the Civil War in our memory

Besides my fascination with the mindset of slavery advocates, I’m starting to take a keen interest in Americans’ attitudes (if they have them) about the war. Again, the work of David Blight on Civil War in American Memory has been wonderfully illuminating.

I need to study more about the collective memory surrounding the “cause lost” theories, and also the morphing patriotism of Sons and Daughters Of… organizations.

Here, on the west coast, we have Highway 99. It was the original north-south highway from Canada to Mexico, subsequently replaced by Interstate 5. At one time it was the Jefferson Davis Memorial Highway, a designation long-since legislated away. But remnants remain, which fascinate me. A couple photos, the recent one with The AndyBear, who was five at the time. This is the marker to be found in Jefferson Davis Park, which has a Facebook page:

Posted in Discussion, Memory
7 comments on “the Civil War in our memory
  1. Mike Palfy says:


    Good information. I am going to share the Jefferson Davis Park facebook page with my students. Students love facebook. I will use this as a hook to engage my students. Thanks for the info.

  2. janeapplebee says:

    Holy heck, Mike. I had no idea! Thank you for posting this. Your post sent me off looking around too see about my sections of highway 99/Jefferson Davis Highway. (I have to say I am glad that California never officially recognized the name although there are some markers. I found a great article on the nation wide Jefferson Davis Highway campaign:

  3. Mike says:

    Hi Jane. Given that WA, like CA, sent men to both sides of the CW, I wonder if there was debate about the highway’s designation. Around here, Vancouver went from a fur trade outpost to U.S. Army base. Grant was here (he tried farming potatoes where we now have a Kroger subsidiary that sells them, fresh from Idaho), as was McClellan (who chased Klickitat Indians around the forests near Mts. Adams and St. Helens). With a wonderfully restored barracks and parade ground, it’s easy to connect our city (on the Columbia River… Portland OR is a suburb of Vancouver) to the CW.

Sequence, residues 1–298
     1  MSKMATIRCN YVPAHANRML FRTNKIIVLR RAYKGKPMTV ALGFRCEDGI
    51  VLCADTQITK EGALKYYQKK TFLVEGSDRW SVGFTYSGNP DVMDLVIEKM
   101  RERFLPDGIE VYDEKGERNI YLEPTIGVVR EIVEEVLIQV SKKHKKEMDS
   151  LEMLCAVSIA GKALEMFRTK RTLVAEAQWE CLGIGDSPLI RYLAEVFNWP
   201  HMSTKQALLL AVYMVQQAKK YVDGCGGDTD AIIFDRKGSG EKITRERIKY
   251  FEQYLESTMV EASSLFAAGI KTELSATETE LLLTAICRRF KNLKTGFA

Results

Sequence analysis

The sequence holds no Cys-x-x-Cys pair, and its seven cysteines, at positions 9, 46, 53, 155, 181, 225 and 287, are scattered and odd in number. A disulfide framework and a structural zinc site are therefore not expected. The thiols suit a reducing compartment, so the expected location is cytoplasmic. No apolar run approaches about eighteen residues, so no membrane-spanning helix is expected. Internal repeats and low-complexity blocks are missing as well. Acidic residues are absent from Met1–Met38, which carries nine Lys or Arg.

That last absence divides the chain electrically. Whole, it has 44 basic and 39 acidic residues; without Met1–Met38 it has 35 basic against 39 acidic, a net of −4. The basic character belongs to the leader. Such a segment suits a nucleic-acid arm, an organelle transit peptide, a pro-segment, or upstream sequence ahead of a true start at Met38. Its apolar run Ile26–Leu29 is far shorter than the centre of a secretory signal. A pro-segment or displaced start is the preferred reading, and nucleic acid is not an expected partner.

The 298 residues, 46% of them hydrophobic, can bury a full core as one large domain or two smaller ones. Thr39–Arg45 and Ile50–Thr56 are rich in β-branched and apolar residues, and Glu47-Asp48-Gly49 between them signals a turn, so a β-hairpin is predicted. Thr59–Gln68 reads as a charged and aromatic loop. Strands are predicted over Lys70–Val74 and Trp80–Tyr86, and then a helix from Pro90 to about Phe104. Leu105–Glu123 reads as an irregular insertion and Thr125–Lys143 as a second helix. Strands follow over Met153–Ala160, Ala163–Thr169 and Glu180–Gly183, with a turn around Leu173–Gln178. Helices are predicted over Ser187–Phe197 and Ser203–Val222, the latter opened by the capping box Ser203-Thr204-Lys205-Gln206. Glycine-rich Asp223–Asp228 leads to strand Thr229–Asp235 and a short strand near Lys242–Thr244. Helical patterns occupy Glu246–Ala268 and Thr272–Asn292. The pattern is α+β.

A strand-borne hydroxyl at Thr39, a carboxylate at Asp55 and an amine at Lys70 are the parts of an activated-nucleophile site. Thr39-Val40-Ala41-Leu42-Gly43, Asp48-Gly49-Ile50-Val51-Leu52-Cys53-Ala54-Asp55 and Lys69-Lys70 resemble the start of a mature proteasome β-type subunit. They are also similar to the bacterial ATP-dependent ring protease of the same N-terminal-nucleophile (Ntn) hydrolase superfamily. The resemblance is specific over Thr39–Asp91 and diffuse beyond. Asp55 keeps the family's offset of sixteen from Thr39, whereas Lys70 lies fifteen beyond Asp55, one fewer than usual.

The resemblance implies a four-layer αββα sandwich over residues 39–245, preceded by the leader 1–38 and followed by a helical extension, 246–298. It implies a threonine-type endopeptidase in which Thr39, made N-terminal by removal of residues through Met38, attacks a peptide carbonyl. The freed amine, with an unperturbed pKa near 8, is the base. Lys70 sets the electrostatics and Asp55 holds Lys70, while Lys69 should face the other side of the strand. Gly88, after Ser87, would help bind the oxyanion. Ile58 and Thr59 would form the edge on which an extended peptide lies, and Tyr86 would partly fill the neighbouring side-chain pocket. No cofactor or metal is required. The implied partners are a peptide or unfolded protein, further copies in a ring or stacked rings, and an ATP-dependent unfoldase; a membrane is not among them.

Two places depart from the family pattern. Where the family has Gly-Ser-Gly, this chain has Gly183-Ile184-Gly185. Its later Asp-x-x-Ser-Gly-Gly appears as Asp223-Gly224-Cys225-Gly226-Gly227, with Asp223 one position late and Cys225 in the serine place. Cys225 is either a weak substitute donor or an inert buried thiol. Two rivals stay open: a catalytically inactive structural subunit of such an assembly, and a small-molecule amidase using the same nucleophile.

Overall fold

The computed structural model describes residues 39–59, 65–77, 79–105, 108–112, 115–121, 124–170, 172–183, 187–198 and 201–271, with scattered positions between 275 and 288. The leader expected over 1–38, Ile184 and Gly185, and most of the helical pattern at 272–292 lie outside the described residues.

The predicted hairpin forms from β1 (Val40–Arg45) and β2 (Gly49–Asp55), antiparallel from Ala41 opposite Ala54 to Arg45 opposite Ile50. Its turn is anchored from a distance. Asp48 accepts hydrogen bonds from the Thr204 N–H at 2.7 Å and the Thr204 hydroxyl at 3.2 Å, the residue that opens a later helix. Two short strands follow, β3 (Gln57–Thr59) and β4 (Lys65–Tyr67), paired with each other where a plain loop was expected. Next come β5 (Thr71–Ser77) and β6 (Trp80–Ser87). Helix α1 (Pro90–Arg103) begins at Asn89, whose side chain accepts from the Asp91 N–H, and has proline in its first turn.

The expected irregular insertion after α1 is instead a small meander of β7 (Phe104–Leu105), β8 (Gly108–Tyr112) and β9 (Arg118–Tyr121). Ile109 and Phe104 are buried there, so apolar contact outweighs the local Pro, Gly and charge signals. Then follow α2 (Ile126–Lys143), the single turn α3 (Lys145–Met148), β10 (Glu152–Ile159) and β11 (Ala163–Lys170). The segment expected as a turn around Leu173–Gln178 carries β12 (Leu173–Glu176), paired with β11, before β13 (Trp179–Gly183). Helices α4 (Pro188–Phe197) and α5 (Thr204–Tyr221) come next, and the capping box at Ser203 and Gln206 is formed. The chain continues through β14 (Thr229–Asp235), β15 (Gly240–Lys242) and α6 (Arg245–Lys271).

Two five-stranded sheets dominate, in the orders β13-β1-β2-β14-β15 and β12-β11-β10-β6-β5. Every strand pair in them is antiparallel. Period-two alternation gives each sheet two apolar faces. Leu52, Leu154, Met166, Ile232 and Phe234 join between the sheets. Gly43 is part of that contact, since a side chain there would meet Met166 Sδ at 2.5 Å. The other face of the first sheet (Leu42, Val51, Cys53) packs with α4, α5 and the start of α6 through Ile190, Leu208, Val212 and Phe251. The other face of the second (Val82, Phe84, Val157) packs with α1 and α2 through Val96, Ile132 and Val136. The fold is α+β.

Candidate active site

Was there a debate? I suspect there was.

    I wonder if CA had much debate, especially since it had been a free state by the war.
    OR still had plenty of sundown towns and redlined acreage allotting, so I wonder how it went there.

    • janeapplebee says:

      “OR still had plenty of sundown towns and redlined acreage allotting, ”

      ? I do not understand these terms.

      I had an email from the author of the highway site. I wrote her to thank her for posting her article and telling her I had referenced her page on your blog post – which she then took a look at. She would like to know if you have a hi-res version of the historic photo you posted for her research. She offered to send me the complete article on the highway from the American Journal of History and another article she published in Columbia. I would be happy to pass them on to you if you would like. If you are willing to share any hi-res image you may have with her,

      I just spent an interesting and somewhat disturbing hour on the websites of the United Daughters of the Confederacy, and the Sons of Confederate Veterans websites. Both groups are new to me and yet they are in 33 states and have been busy for a long time now. The Sons have a resource page with all sorts of interesting materials for the person interested in taking up the Southern cause during the sesquicentennial, including the Grey Book and the Catechism of the Confederacy.

      • mike kleiner says:

        I would love to get anything you send. I sent her the links to both the photo and the Seattle chapter of the UDC.

        The Catechism sounds interesting.

        “Sundown towns” refers to towns where blacks were required to be in their homes by sundown. Those caught out at twilight stood a good chance of being fined, jailed, beaten. I think they are most notorious in KS and other plains areas, but OR had them for a while.

        As an American black middle class grew in the 20th century its members found themselves being steered into black neighborhoods. Realtors drew “red lines” around areas they wouldn’t sell to blacks, effectively maintaining residential segregation through discriminatory selling. The west had similar, if not as pervasive, practices, in which land offices would make false attribution of ownership of open land when dealing with blacks, thus pushing them away from the more productive soil.
        In these regards, I’d have to think there was plenty of argument to be made over Hwy 99.

  4. janeapplebee says:

    Oh and by the way The Andy Bear is adorable. Is he related to you? How old his he now?

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House Divided Project

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Dickinson College
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Gilder Lehrman Institute
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